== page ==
I suppose it was about a month ago now that I visited Sedona with my mom. I’ve finally gotten around to editing photos and exporting them in various file formats for printing, blogging, etc. Sometimes I think there has to be a more efficient way than my current process that I just don’t know about. It helps that I took a sick day today and was finally able to work on photography in between sniffles and tissues. My day of being stuck inside my apartment and being forced into sedentarism, a word I just created, actually flew by. It was aided by an episode of Homeland and a documentary on Kobe Bryant.

So, I really didn’t know what to expect from Sedona. My mom and I had originally planned to meet up in Tahoe, but sort of ad hoc decided randomly upon Sedona instead. I’d never been, but she had and she guaranteed me that spending six days there was still not enough to see and do everything. Though skeptical of this claim, I happily booked a flight and the trip then sort of disappeared to the back of my mind. It wasn’t until the day before that it really hit me I was leaving the next day. In hindsight, I think it made the trip even more enjoyable for me because I didn’t have a chance to start creating expectations of the trip. At the last minute, I grabbed a copy of Travels With Charley by John Steinbeck off my bookshelf, which I had pilfered from a friend last year out of a bag of books she was getting rid of. It turned out to be the perfect read for the flight there and back, and is just as timely and relevant now as it was back in 1962.


“It is impossible to be in this high spinal country without giving thought to the first men who crossed it, the French explorers, the Lewis and Clark men. We fly it in five hours, drive it in a week, dawdle it as I was doing in a month or six weeks. But Lewis and Clark and their party started in St. Louis in 1804 and returned in 1806. And if we get to thinking we are men, we might remember that in the two and a half years of pushing through wild and unknown country to The Pacific Ocean and then back, only one man died and only one deserted. And we get sick if the milk delivery is late and nearly die of heart failure if there is an elevator strike. What must these men have thought as a really new world unrolled – or was the progress so slow that the impact was lost? I can’t believe they were unimpressed.”


Now, before your mind goes to correcting me, I realize the inaccuracy of the quote, and the misplacement of it here in a post about Sedona, Arizona. But still, that is the spirit that unexpectedly permeated my trip to the southwest. I realized, with a fleeting sense of sadness but more wonder, that that type of discovery is not only a relic of a bygone era, but also that no such trip would be possible today. We can explore places that expand our worldview, challenge our assumptions, break down biases, but from here on out we will always know someone has been there before. I began to wonder what left in the world remains uncharted? Placing myself in the shoes of Meriweather Lewis, I realized the great sense of curiosity, mission and adventure that must have taken hold of his soul.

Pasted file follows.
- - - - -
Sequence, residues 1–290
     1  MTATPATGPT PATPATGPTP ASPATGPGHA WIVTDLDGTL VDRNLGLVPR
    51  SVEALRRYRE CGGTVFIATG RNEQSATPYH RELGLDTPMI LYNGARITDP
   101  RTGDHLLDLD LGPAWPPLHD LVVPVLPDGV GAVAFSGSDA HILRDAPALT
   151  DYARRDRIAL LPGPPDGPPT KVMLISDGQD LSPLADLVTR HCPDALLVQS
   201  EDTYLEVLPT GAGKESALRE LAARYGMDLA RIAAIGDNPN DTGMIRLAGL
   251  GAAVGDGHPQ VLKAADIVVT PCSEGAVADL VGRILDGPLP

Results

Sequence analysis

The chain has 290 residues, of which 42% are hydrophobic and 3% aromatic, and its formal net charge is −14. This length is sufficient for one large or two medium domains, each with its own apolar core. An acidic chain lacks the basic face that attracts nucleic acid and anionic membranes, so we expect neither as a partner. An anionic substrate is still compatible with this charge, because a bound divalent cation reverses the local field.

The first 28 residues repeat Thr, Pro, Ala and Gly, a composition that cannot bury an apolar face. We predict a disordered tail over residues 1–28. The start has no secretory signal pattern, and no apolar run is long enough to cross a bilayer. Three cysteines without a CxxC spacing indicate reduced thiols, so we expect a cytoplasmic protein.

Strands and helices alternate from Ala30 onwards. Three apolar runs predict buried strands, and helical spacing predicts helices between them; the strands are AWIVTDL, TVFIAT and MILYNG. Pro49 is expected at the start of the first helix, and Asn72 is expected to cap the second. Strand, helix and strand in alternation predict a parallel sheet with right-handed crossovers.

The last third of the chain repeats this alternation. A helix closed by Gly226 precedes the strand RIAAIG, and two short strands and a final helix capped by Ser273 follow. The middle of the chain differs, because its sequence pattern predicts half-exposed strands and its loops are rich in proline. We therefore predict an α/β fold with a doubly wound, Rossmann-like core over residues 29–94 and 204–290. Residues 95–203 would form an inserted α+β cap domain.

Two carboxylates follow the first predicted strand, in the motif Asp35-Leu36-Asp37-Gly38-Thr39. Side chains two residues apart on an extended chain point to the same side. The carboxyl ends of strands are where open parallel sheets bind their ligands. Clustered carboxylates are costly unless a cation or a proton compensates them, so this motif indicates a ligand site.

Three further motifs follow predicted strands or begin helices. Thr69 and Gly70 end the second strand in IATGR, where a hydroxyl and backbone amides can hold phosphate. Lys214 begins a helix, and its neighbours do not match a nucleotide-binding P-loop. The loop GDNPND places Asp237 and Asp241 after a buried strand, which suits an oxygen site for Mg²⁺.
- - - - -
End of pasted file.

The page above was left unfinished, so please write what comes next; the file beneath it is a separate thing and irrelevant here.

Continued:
I was so interested by imagining walking two moons in this man’s moccasins that I got a copy of Stephen Ambrose’s Undaunted Courage, a biography about Lewis and the expedition he led across the Louisiana Purchase to discover just what President Jefferson had bought.


“Ocian in view! O! The joy.” – William Clark

If I were ever to get a tattoo, which is 95% unlikely, I would probably get this quote. I guess he jumped the gun and too quickly misidentified the body of water he was seeing, but the sense of adventure in it, and the happiness they must have felt at seeing what they thought was the Pacific Ocean after an incomprehensibly arduous journey, is a sentiment that stirs something in me. Plus, I always am joyous when I see the Pacific Ocean.

It’s my contention that it is impossible to take a bad photo in Sedona. The trip reinvigorated my atrophying attention and effort in photography. The past few weeks, where I’ve found time to dabble around in lightroom, I’ve tried some new editing techniques, trying to parse it down and lightly touch the photos. Like a woman’s makeup, I am trying to use editing tools to play up the natural spectacular features of the image rather than recreate something that is not there. I am quite pleased with how my Sedona photographs have turned out so far.


I signed up for an art class. Just a two week course that focuses on photography printing and matting. We are supposed to bring two images to class that we will work with, and by the end we will have them printed and prepared for framing. As I’ve looked around, DC does have more art courses than I originally suspected. This particular one I will be taking at the Capitol Hill Arts Workshop (CHAW). I will let you all know how it goes!


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